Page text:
Chiropractors, herbalists, physician's assistants, registered nurses, licensed practical nurses (LPNs), Ph.D.s, interns, etc., are not eligible to certify total and permanent loan discharge applications. Typically, a resident physician in training is not a fully licensed M.D. or D.O. However, some states do fully license residents in training. A resident who is fully licensed may certify the application. If this is the case, the loan holder should obtain a copy of the resident’s license to include with the discharge application when it is forwarded to the Department.
- How do we validate the physician’s license?
See Roles and Responsibilities–Loan Holder Responsibilities.
Assignment Reports & Process
- Will the Monthly TPD Accept/Reject Report be delivered by a certain day each month and will it be in a readable format?
The Department will provide the report by the 15th of each month. The report is a .csv file, which is a readable format via MS-Excel.
- Will borrower accounts processed for partial discharge (such as joint consolidations) be included in the monthly assignment report? (Note: These loans are not assigned to the Department.) If these accounts are included, how will they be identified?
Yes, the report will include partial discharges that were either accepted or rejected. They can be identified by $1.00 balance showing in the Principal Balance field. The Department will also continue to send the Monthly Joint Consolidation Report.
- What kind of notification process can we expect from the Department for assignments that are manually submitted?
Loan holders will received a TPD Accept or Reject report listing acceptances and rejections for all manually submitted accounts.
- When we submit assignments to the Department, we are getting rejects for the accounts that have a small balance or no balance. The accounts have small or no balances because the borrower made payments after the physician signed the TPD application.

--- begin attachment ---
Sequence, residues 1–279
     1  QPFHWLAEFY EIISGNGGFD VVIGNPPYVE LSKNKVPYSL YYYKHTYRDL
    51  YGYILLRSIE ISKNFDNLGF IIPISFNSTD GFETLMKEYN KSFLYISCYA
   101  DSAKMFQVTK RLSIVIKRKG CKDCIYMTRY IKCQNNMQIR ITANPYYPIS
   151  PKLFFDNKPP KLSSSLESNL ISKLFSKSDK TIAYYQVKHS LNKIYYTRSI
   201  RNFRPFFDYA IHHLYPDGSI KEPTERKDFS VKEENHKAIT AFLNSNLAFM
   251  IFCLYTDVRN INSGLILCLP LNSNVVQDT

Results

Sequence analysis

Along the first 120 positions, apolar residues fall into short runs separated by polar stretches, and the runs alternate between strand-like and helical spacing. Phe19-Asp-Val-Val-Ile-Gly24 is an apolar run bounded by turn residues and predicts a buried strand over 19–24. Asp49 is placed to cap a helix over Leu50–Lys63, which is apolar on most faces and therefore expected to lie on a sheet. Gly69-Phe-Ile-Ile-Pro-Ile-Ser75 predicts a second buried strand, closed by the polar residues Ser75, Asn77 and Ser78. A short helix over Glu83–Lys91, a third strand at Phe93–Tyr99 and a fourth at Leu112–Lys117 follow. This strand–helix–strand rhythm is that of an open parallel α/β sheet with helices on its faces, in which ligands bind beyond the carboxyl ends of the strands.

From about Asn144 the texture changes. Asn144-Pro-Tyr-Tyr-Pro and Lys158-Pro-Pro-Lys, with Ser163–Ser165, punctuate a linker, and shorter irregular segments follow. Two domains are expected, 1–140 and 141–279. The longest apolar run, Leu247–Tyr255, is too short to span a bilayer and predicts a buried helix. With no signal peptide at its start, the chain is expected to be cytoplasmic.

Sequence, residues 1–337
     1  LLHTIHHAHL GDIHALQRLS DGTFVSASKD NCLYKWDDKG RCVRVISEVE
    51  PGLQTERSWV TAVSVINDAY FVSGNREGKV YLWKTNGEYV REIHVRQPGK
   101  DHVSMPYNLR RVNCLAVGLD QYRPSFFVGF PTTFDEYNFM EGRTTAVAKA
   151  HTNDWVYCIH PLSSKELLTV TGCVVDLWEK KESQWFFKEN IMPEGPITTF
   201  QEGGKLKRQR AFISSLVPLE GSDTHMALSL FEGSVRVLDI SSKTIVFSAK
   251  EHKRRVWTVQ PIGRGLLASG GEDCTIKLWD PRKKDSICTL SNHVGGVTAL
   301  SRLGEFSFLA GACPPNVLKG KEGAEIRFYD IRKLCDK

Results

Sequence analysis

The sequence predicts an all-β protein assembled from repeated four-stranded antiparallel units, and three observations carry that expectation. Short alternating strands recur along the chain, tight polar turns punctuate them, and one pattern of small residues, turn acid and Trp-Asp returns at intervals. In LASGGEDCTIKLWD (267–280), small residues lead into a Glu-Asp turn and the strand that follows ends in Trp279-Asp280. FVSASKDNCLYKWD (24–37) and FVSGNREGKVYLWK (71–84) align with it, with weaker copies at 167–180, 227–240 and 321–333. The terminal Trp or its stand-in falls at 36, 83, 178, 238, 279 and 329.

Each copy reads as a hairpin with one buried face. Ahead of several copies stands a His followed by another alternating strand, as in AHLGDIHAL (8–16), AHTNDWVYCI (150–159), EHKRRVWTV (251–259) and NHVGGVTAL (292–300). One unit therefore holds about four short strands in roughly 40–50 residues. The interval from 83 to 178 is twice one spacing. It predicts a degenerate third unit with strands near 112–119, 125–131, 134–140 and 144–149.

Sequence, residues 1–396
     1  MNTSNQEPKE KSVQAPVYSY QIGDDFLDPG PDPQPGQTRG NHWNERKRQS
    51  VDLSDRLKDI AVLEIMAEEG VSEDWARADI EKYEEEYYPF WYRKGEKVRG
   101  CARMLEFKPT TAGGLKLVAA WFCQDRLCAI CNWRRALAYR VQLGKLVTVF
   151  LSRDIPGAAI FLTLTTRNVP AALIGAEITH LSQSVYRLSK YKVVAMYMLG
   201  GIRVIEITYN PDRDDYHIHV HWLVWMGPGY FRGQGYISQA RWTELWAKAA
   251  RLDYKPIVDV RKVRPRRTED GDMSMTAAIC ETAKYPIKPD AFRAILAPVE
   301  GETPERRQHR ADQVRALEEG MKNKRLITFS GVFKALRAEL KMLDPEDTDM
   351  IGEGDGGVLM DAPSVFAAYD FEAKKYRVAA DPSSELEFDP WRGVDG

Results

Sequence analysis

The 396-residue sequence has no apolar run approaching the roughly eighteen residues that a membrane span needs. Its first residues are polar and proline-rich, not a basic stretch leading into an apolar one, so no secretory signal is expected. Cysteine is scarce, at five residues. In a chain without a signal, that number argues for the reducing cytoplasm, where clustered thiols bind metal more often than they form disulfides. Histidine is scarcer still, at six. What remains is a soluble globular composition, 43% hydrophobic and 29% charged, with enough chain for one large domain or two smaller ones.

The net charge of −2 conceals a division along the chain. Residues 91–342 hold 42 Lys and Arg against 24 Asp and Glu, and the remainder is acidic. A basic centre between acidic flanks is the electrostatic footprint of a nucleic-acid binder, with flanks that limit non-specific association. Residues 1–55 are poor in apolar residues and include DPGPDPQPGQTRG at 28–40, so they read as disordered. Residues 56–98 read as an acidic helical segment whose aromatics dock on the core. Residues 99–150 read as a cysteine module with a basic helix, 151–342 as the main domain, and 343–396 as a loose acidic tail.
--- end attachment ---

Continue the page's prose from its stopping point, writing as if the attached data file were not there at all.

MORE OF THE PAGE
The Department does not have a minimum balance requirement, but we do require that there be a balance on the assignment (otherwise, there is no obligation to be discharged).
Employment During 3-Year Monitoring Period
- What if the loan holder has evidence that the borrower was working on the date the physician signed the TPD application, or at the time the loan holder is reviewing the application?
The revised definition of “totally and permanently disabled” does not require that a borrower must be totally unable to work. To be considered totally and permanently disabled under the new definition, a borrower (other than certain veterans, for whom there is separate definition of “totally and permanently disabled;” see Veterans Disability Discharge) must be unable to engage in any substantial gainful activity by reason of any medically determinable physical or mental impairment that (1) can be expected to result in death, or (2) has lasted for a continuous period of not less than 60 months, or (3) can be expected to last for a continuous period of not less than 60 months. The term “substantial gainful activity” is defined as a level of work performed for pay or profit that involves doing significant physical or mental activities, or a combination of both. The loan holder may find that the borrower is not totally and permanently disabled based on evidence that the borrower was engaged in substantial gainful activity at the time the physician signed the application or is engaged in substantial gainful activity at the time the application is being reviewed.